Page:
The Cumaratunga Munidasa Sisuvarama, organised by the Cumaratunga Munidasa Foundation, was held for the sixth consecutive time on July 25 (Tuesday) at the Lakshman Kadirgamar Centre in Colombo.
Poetry strikes us in roughly the same way that the movies strike the Americans. In both instances, we are so overwhelmed by the first time we heard or saw them; which American can’t think of their archetypal saviour, the cowboy, without remembering the films of John Ford (The Searchers), and which Sri Lankan can’t think of the rabbit, probably the most cartoonish animal out there, without thinking of Cumaratunga Munidasa’s “Ha Ha Hari Hawa” and the many renditions of it?
The great achievement of a movie, I think, is the great achievement of a poem; both take us back to those triumphs, defeats, broken hearts, and so much more besides that we had undergone when we first encountered them. A film is like a language, after all; it’s built, sustained, sometimes even improved on through nostalgia. But nostalgia alone isn’t enough. What is needed, now more than ever before, is a set of discerning people to transform that nostalgia into a living, breathing entity. The Sinhala language is a case in point. It nourishes us, and then appeals to us to perpetuate it.
I know, have talked with, and have conceded to those doomsday prophets (whose numbers are increasing, disturbingly) who predict the end of the Sinhala language as we know it. Underlying their prediction are certain irrefutable facts, prime among them being the virtual erasure of its spoken/written dichotomy by popular culture.
It’s one of the greatest ironies of our time, but when mass media (journalism, advertising, television) discovered our mother tongue, it wasn’t liberated. It was stunted. Rather badly. Probably that’s why it’s hard to come across young poets writing in Sinhala, not because they don’t have the ideas but because they don’t read. It’s a contemporary dilemma, since by refusing to read, they refuse to take forward what underpins all those poems which nourished their childhoods.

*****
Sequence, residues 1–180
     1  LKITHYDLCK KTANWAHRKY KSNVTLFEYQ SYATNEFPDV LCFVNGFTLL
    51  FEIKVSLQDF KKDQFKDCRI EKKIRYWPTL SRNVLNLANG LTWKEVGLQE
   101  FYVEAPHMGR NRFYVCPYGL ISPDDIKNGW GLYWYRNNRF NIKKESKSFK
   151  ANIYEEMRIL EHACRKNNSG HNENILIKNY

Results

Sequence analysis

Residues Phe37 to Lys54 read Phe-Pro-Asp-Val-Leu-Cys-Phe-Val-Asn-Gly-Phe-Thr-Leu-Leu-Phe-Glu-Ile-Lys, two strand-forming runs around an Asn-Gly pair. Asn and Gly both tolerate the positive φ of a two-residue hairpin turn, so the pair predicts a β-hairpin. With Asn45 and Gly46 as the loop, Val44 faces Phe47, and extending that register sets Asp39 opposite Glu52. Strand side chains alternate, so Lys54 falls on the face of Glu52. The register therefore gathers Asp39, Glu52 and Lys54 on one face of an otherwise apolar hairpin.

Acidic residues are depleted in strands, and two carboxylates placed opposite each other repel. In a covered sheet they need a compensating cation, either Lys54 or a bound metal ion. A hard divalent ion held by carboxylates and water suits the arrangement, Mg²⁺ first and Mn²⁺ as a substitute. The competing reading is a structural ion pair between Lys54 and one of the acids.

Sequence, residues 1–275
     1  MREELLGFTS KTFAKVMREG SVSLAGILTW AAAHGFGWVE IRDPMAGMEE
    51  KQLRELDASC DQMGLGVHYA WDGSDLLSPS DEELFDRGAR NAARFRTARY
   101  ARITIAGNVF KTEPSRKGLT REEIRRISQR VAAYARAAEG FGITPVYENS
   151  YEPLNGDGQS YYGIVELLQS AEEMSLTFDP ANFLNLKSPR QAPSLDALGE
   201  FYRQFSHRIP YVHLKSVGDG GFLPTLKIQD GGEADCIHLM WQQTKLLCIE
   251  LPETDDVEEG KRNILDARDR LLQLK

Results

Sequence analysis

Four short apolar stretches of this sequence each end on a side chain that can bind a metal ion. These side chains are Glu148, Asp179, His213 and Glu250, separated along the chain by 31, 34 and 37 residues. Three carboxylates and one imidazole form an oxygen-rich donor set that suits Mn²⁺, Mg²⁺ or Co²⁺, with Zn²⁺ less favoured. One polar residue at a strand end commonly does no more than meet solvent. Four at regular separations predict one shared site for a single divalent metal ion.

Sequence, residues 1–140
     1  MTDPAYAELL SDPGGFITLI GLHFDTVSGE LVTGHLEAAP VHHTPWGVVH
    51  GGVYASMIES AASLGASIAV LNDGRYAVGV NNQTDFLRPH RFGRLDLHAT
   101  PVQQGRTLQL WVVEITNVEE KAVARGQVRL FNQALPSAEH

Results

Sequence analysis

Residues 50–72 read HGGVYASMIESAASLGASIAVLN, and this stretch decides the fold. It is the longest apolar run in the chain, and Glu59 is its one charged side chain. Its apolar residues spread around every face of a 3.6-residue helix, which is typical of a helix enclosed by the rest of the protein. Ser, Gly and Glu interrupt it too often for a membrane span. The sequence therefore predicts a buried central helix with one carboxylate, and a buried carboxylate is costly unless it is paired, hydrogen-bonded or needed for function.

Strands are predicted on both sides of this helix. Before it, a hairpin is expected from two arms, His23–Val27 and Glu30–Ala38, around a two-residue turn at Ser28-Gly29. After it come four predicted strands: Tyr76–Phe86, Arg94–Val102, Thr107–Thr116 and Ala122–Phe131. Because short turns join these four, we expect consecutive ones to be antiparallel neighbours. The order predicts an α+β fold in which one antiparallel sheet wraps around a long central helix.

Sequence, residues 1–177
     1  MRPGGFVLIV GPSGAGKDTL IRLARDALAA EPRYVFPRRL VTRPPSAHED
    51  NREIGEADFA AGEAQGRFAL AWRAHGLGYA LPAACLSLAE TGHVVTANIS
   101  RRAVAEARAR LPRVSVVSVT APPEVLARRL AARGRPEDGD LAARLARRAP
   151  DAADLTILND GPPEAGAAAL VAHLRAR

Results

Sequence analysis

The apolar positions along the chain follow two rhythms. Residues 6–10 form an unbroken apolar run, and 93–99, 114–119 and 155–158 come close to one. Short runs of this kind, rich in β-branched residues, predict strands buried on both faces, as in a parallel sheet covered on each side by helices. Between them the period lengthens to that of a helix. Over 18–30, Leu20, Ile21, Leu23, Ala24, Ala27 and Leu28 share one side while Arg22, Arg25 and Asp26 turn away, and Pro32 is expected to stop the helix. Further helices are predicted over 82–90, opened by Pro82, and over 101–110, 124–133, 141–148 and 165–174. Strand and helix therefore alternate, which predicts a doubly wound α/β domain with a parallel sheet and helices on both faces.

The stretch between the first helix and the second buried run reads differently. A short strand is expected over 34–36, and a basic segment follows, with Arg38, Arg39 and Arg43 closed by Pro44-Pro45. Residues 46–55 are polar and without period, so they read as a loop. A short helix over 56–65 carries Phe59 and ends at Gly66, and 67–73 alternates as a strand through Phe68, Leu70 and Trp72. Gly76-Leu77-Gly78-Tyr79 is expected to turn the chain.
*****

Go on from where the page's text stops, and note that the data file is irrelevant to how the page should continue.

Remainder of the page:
For that reason, a scholarship program aimed at recognising academic achievement in Sinhala has to take note of certain realities. Firstly, not every student who achieves distinctions in that subject actually continues to “study” it. More often than not, these students are compelled to take to another subject once they reach their A Levels (with science and commerce being the preferred options). Secondly, the scholarship as such, while monetary at the outset, must aim for more than the usual incentives such schemes are built on, not least because a language can’t be limited to academia and is probably the only subject that lives and breathes on its own outside academia.
In 2012 the Cumaratunga Munidasa Foundation began one such program. That year was special; it marked the 125th birth anniversary of the Foundation’s figurehead. Together with the National Savings Bank and Ada Derana, each winner was given a monthly bursary of 1,000 rupees, a 100,000 rupee bank deposit, and a laptop. Named Sisuvarama, the program was unique for one reason. It targeted the Ordinary Level exams, knowing that not all high achievers at that stage in their education follow it up as the years pass by. The organisers of Sisuvarama were spot on there, since almost all the scholarship winners have subsequently moved into other harder subjects.
That was five years back. Five years later, more specifically two weeks ago (July 25) at the Lakshman Kadirgamar Centre in Colombo, the Foundation held its scholarship ceremony for the sixth time, in commemoration of Cumaratunga Munidasa’s 130th birth anniversary. It was an ill-chosen day: the petrol strike was on. Such a mundane issue, however, couldn’t overwhelm what I took from this Sisuvarama.
The stories behind this year’s winners merit mention here. Of the seven, three come from Galle, two from Panadura, one from Minuwangoda, and one from Colombo. The three winners from Galle (Sandamini Paranavithana, Thiwanka Ruvishani, and Yasamini Anuththara) all attended Sanghamitta Balika, and all three come from backgrounds which, while certainly not cosmetic or extravagant, nurtured their love to read and to write. Roshani Dhanushika (from President’s College, Minuwangoda) took an interest in the subject after she began to be taught by capable teachers from Grade Eight. Pasindu Buwaneka de Silva (from Isipathana College), had to write his paper while recovering from dengue at the Infectious Diseases Hospital in Angoda. Vimukthi Abhishek (from Nalanda College) started entering essay competitions from Grade Three, while Thisari Walawage entered her present school (Visakha Vidyalaya) from the Grade Five scholarship and studied in the English medium thereafter.